One of the biggest problems facing Suicide Squad after the DC Rebirth event is arguably its greatest strength: Jim Lee. While the superstar artist has been delivering some truly awesome pencils with this book, the fact that Suicide Squad ships twice a month means that the main storyline has been stretched out longer than it needs to be, mainly because the powers that be at DC have decided to cut the issues in half. While this makes the scheduling a little easier on Jim Lee, it also means that Suicide Squad is still dealing with the fallout of the first storyline while other DC books are starting their third or even fourth storylines. Despite this, Lee and Rob Williams’ latest issue of Suicide Squad is worth your time, as long as you’re okay with the series’ now trademark abrupt endings.
Since Zod was released from the Black Vault, the entire Squad has been giving into their worst instincts and attacking each other. However, this has had the opposite effect on Harley, who is now completely sane once again. While this is great for the former psychiatrist, it also means that her chances of survival have plummeted, as she’s second-guessing the moves that she’d easily make if she weren’t so concerned with her survival.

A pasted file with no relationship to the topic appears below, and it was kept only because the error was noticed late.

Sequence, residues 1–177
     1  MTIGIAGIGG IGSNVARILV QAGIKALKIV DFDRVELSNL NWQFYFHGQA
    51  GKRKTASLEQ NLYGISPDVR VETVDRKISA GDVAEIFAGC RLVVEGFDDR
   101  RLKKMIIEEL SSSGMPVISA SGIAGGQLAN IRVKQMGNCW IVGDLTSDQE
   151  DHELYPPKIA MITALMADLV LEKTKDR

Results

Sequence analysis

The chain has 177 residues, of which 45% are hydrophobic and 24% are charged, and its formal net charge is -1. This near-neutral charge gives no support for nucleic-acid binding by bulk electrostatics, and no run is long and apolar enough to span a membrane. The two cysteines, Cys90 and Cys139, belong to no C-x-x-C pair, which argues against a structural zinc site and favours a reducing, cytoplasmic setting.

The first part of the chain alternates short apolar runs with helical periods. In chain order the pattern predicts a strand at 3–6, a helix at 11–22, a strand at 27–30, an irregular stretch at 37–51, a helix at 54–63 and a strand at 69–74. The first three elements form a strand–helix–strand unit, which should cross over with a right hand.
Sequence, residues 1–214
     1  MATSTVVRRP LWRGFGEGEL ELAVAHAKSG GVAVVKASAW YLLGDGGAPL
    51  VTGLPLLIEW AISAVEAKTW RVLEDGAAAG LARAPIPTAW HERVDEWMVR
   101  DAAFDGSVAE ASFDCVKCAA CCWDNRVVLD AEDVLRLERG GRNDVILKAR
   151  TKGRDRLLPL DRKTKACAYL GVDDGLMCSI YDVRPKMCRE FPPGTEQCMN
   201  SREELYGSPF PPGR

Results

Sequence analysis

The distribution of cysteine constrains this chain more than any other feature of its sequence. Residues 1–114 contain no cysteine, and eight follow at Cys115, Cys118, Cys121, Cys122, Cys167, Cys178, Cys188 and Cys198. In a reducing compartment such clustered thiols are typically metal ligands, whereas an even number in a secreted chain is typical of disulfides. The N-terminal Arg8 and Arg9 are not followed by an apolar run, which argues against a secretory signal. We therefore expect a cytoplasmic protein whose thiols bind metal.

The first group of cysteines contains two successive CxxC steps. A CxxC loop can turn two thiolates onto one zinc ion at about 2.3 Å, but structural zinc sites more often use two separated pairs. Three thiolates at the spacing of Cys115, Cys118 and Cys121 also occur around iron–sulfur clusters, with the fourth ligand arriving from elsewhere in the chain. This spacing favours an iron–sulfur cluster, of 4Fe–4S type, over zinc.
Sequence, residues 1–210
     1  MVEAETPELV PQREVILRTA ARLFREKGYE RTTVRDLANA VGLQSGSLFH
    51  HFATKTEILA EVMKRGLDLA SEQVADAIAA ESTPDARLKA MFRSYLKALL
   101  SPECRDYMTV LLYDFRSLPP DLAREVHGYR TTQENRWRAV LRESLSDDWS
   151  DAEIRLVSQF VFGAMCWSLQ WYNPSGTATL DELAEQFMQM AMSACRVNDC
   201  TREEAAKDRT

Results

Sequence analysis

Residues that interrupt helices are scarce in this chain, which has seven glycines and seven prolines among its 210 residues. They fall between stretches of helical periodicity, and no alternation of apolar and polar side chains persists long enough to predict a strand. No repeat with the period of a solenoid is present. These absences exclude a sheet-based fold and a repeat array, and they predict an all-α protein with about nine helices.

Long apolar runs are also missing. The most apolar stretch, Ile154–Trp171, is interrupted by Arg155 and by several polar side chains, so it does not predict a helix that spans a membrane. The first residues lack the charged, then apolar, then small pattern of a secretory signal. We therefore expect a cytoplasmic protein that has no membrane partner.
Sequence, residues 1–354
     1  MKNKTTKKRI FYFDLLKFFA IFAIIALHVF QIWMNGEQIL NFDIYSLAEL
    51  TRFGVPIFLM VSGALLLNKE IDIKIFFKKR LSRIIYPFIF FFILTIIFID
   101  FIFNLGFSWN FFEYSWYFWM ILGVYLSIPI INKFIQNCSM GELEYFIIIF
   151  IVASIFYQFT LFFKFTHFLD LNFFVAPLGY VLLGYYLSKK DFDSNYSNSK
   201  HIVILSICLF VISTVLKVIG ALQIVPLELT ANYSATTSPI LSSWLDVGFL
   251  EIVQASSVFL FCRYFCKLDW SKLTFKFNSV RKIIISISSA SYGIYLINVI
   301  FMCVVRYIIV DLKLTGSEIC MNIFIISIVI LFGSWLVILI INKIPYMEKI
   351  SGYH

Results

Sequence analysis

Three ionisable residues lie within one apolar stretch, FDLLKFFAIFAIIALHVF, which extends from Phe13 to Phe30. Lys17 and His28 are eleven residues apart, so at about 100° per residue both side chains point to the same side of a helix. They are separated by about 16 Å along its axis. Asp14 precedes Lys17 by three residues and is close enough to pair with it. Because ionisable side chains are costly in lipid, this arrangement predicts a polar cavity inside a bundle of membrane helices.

This plot point is where a lot of this issue’s strengths lie, as Rob Williams has a lot of fun putting the “sane” Harley against her more unhinged teammates. The more famous member of this creative team has easily overshadowed Rob Williams, but without him we wouldn’t be getting a story this entertaining. Williams actually paints Harley in a pretty sympathetic light, as we know that as much as she loves being sane again, she’s going to have to revert back to her “usual” self. Really the only negative of this issue is the same negative of every Suicide Squad issue: it’s over way too soon. Sure, we get an entertaining back up story starring the Enchantress, but Williams brings up some really interesting ideas that are dropped fairly quickly in this issue (one of the better ones actually involves Enchantress and Killer Croc). A few pages devoted to some of the revelations of the team members giving into their baser instincts would’ve made them have an even greater impact.
There’s not much to say about Jim Lee’s art that hasn’t already been said. The man has, surprisingly, kept up with the Suicide Squad schedule, and aside from having a ton of inkers on the book; his style hasn’t suffered a bit. Of course there’s the aforementioned schedule shenanigans that DC worked out for Lee, but still, the fact that the man who’s name is synonymous with delays in the comic book industry has been able to keep going as long as he has on Suicide Squad is pretty cool, and gives me hope that he can do this kind of project again.
While Suicide Squad is still frustratingly truncated, it’s still a pretty fun book. I’m just not sure if it’s worth reading on an issue-by-issue basis. In all honesty this book is probably better served as a trade, where you don’t have to be cut off from the story every month and can just continue reading. As it stands right now, Suicide Squad is still pretty charming, even if it seems like the very thing DC is doing to help the book is now hurting it.